“The entire economy of gold consists of digging it out of the ground in one place and putting it back into the ground in another place.” -Keynes
Gold is a shiny metal. It has little intrinsic value other than in the electronics industry and dentistry. You cannot eat it. You cannot drink it. You can wear jewelry made from it, but it won’t protect you from the cold or the rain. If someone is breaking into your home, gold will not kill them. Gold has, at times, been used as money, but it has value only insomuch as it can be traded for things with intrinsic value like food and fuel and guns without which an individual or a nation cannot survive. At present, it cannot be traded for such things — you cannot go into a supermarket and buy a can of beans with gold — thus is simply another asset, not money.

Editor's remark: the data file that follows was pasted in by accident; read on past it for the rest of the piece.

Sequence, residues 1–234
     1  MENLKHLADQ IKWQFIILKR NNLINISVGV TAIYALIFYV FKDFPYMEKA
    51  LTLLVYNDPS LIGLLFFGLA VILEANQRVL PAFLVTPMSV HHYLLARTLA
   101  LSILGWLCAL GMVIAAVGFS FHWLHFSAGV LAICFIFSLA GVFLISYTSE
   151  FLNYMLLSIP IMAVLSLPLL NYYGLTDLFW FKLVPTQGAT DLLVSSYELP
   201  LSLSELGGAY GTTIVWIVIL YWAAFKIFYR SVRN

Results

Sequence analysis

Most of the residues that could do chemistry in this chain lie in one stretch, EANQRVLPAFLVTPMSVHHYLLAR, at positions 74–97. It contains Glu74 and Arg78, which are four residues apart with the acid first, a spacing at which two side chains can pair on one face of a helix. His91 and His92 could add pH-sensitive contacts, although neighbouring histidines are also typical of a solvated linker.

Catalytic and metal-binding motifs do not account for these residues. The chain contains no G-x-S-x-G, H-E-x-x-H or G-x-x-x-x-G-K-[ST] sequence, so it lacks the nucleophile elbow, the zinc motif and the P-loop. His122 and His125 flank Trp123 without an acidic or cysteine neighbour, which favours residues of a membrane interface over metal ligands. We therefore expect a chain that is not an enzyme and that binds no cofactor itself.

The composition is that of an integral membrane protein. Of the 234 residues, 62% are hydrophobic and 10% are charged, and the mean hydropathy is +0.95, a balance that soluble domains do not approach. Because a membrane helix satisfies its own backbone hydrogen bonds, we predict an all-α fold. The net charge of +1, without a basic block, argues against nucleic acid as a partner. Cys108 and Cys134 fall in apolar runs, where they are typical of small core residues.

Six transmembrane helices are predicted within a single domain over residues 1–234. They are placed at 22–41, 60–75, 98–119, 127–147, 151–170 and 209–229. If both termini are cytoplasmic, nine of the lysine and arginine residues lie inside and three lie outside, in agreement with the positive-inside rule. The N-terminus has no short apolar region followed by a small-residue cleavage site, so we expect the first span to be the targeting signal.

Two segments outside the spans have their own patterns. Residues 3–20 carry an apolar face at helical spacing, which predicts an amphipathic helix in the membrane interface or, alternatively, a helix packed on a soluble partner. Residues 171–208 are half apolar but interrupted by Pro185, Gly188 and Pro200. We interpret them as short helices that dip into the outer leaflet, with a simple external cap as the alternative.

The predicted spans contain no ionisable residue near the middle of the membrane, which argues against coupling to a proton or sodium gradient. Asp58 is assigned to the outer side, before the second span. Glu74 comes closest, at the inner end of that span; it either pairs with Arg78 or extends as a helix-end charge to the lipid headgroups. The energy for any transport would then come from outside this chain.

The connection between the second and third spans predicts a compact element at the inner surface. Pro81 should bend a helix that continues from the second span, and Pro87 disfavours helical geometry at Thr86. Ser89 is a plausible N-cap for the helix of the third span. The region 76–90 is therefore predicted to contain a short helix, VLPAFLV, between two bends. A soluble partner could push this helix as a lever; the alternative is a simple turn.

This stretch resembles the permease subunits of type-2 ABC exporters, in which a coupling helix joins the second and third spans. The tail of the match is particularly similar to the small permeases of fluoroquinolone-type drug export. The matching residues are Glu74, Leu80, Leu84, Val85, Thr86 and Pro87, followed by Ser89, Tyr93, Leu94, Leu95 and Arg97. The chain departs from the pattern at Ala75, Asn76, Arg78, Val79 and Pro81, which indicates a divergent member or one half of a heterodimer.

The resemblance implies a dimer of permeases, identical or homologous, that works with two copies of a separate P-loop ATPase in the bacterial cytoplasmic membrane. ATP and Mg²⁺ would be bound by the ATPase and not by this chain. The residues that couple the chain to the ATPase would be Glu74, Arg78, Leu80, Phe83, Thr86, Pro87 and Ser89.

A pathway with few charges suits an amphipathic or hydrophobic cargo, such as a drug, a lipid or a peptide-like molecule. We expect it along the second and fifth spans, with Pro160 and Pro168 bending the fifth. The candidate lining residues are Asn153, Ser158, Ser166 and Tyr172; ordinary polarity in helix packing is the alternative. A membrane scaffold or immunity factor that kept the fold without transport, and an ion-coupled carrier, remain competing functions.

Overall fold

Currencies are, in the end, backed by the production of goods and services in an economy purchasable by said currency, not by assets. The whole point of a currency is their utility at purchasing goods and services. It’s interesting that some of the assets of the Bundesbank may actually be fictional. But as long as there are goods and services purchasable by Euros, the Euro will continue to have value. The same with the U.S. dollar.
— Badtux the Economics Penguin